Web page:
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Roasted Turkey Roulade – How-to Video

Roasted Turkey Roulade is a delicious dinner alternative to cooking a whole turkey. This easy turkey roll recipe is the perfect blend of sweet and savory flavors.

This recipe was originally posted in 2015 and has been updated to improve reader experience.

Top down view of a slice of turkey roulade swirled with dressing on a white plate. The whole turkey roll it the first slices removed is in the background.

Roasted Turkey Roulade is the perfect Holiday meal. Your guests will be wowed by this culinary beauty.

We love that making this turkey roll recipe takes care of the turkey and stuffing without any tedious carving.

It’s impressive to look at and maybe looks a little intimidating to make, however, it really isn’t difficult at all! We’ll show you how!

Our turkey roll is savory with just a touch of sweet and this recipe makes enough extra stuffing that no one will leave your table hungry!

What is a Turkey Roulade?

A roulade is a technique in which ingredients are rolled. This recipe consists of a homemade stuffing rolled into a boneless turkey breast. Boneless Turkey Roll is another name for this recipe.

Front view of a sliced turkey roulade on a white platter garnished with sage and rosemary.

Why we love a Roulade

  • A much more manageable size making serving easier.
    • It also makes freezing much easier. To freeze we slice the roulade into serving-sized pieces and then lay them flat in between pieces of plastic wrap, foil, or waxed paper placed in a resealable storage bag or foil.
  • They cook much quicker! Eliminating the bone speeds up the cooking.
    • That leaves you with more oven time over the holidays!
  • You can stuff them with your favorite stuffing recipe.
    • Other filling ideas include wild rice or quinoa.

Once you try this technique, you’ll be hooked! We are, just take a look at our Lamb Roulade and our Pork Roulade!

Ingredients

Top down photo of the ingredients used in a turkey roulade recipe including ground pork, onions, dried cranberries, butter, celery, bread cubes, pine nuts, egg, turkey stock, brandy, fresh rosemary and sage.
Turkey Roulade Ingredients
  • Turkey breast – Boneless and butterflied (see the note below)
  • Onions – We used yellow onions but use your favorite
  • Celery
  • Butter – We used unsalted. If you use salted, just adjust your seasoning to use less
  • Bread Cubes – I use pre-seasoned cubes. Use what you like, purchased, or homemade.
  • Pine nuts – you can substitute with another chopped nut or leave them out.
  • Turkey or chicken stock – Purchased or make your own. I explain how below.
  • Dried cranberries – Craisins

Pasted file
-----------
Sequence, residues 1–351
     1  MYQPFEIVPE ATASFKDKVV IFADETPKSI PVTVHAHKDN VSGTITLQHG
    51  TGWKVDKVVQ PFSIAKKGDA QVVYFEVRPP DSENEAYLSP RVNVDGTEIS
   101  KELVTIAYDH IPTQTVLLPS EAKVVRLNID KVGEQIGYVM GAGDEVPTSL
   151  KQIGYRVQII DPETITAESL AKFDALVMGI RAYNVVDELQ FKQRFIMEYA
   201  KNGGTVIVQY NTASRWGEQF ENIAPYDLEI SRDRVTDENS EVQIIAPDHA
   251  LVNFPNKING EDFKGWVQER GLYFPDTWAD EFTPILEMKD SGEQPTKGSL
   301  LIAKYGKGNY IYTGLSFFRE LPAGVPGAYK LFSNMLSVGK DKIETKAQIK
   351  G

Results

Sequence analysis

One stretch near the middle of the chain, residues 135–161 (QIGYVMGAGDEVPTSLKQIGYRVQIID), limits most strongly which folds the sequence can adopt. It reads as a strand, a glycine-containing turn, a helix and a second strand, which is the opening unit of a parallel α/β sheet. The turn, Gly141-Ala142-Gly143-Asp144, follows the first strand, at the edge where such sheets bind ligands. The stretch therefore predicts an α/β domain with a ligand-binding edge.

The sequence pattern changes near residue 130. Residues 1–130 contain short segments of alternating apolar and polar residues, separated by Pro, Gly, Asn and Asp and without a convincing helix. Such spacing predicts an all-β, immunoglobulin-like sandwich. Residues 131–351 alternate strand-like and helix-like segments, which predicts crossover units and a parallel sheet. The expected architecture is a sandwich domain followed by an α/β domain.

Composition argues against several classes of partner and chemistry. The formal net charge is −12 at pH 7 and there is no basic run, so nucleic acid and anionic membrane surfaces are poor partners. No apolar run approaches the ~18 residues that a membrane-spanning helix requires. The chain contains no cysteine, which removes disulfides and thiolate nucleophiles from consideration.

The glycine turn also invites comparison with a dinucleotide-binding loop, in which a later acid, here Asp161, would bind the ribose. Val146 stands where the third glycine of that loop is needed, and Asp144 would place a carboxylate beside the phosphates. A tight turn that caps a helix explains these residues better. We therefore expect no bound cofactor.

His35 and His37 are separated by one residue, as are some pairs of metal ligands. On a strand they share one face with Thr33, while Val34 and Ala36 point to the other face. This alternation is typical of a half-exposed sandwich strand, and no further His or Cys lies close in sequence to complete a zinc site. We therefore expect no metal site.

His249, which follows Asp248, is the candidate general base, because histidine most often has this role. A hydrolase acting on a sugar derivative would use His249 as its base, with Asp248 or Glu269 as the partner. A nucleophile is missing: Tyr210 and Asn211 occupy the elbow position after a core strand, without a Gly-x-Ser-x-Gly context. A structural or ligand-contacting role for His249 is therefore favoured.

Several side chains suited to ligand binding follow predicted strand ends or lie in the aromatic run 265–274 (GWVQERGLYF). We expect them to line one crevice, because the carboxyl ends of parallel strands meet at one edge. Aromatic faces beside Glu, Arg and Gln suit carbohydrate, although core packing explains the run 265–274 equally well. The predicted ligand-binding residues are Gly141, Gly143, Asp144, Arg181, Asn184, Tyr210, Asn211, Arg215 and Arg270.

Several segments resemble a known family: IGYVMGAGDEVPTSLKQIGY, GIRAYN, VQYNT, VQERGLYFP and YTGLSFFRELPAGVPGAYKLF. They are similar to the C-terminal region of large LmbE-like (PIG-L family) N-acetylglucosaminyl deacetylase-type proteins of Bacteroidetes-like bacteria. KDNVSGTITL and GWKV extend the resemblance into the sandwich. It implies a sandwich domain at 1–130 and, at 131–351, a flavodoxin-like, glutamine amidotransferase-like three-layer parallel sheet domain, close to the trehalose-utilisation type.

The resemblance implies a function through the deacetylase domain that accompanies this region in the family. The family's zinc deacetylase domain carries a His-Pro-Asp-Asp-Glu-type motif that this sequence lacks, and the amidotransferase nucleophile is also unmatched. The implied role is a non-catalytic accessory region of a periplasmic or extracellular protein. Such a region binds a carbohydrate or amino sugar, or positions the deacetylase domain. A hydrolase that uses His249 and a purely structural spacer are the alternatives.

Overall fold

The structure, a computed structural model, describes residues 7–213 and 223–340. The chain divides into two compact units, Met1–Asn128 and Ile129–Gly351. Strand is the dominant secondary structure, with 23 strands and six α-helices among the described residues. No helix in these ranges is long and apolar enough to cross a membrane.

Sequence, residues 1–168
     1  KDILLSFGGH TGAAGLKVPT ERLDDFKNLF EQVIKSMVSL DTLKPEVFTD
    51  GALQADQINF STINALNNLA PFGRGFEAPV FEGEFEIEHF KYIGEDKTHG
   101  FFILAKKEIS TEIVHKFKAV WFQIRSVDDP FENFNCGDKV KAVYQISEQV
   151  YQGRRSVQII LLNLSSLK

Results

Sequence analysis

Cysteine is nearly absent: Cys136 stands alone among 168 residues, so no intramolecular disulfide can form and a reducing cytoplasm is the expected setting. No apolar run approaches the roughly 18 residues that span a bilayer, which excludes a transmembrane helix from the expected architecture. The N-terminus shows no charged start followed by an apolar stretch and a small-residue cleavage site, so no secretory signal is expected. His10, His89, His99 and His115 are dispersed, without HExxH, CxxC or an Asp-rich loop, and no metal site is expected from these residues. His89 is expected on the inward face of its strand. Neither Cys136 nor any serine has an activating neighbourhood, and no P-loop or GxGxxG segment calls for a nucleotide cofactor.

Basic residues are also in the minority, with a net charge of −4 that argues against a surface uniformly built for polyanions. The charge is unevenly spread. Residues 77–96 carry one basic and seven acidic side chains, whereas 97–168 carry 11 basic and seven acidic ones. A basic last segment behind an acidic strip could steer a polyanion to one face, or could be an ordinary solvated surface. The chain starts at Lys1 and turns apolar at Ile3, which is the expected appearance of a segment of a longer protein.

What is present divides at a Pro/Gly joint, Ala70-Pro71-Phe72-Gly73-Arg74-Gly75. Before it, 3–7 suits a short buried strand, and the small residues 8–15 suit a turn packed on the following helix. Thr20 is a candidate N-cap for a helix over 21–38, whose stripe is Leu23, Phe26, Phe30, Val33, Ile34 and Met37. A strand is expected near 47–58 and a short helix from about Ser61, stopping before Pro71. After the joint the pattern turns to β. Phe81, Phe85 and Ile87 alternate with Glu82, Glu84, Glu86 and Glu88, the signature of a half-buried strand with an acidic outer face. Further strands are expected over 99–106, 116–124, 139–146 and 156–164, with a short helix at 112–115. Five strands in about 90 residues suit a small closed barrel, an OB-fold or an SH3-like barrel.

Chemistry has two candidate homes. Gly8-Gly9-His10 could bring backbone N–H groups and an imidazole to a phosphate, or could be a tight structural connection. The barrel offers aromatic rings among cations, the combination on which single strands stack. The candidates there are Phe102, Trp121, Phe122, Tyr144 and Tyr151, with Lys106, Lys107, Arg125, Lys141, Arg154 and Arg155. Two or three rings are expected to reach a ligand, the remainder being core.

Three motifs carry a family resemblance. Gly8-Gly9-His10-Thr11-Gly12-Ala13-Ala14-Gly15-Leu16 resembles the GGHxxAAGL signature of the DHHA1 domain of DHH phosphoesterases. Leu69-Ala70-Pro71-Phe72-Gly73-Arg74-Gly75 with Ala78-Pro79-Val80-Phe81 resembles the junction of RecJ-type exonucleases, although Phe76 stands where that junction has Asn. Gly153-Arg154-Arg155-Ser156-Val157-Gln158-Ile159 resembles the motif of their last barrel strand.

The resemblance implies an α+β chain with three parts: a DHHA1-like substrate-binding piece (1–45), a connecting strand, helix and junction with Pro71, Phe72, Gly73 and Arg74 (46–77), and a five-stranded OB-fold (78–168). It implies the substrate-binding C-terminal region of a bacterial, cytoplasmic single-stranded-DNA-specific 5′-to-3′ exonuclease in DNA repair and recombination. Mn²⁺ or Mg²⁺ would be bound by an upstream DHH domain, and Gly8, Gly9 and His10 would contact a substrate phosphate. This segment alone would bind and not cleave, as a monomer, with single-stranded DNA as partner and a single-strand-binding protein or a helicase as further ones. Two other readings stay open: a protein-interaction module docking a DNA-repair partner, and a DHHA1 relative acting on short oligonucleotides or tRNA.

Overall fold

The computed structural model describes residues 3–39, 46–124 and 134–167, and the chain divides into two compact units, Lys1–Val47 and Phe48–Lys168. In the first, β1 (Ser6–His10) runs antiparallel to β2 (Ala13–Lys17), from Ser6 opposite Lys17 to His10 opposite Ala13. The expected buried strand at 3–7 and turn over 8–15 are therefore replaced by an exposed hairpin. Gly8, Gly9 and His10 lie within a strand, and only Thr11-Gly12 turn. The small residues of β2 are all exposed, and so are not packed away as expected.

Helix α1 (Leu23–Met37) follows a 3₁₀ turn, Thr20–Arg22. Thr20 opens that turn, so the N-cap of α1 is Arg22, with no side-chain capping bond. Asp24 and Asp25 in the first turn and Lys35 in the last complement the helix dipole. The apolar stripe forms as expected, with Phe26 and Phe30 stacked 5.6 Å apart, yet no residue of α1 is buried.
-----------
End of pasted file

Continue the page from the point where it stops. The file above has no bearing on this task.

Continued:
• Brandy – A non-alcoholic substitute would be apple juice
  • Egg – We use large eggs
  • Fresh herbs – sage and rosemary. Thyme would be another great addition.

Butterflying Technique

The turkey breast is actually made up of two sides of meat separated by the breast bone.

Butterflied Turkey Breast laying skin side down.
  • When you remove the breast bone, you can flatten the breast.
    • The meat will resemble two ovals of meat joined together by the underlying skin.
  • We don’t pound the meat to the same thickness. Where it was thicker, we sliced it to an even thickness and put the sliced pieces of meat over the skin that attached both sides of the breast meat. This created more of a rectangle shape which allowed us to roll the turkey breast evenly.

Note: When you buy a turkey breast make sure it’s the actual turkey breast. Some turkey breasts sold by your grocer are just made of turkey breast meat pieces and will not roll out.

Also, if it’s an actual turkey breast, look at the size. The boneless turkey breasts in the store can often include just one side and are under 2 pounds.

They will work but you’ll have a smaller turkey roll and a lot more dressing than you need. Our turkey breast was 5 pounds.

Tips for stuffing a Turkey Roulade

Two photo grid showing how to stuff a turkey roulade with homemade stuffing and rolling it.
  1. With the skin side down, apply a 1/2-inch thick layer of the stuffing to the meat side.
    • Leave 1/2-inch from the edge. Otherwise, the stuffing will just ooze out the sides. If it does, just stuff it back in.
  2. Roll the turkey breast as firmly as you can without losing all the filling and secure the turkey roll by tieing it with kitchen twine.
    • A second pair of hands can be very helpful for holding it together while you tie it.
    • Place the turkey breast seam side down over a baking rack sitting over a baking sheet or roasting pan.
    • Baste with butter and season with salt and pepper.
  3. Bake.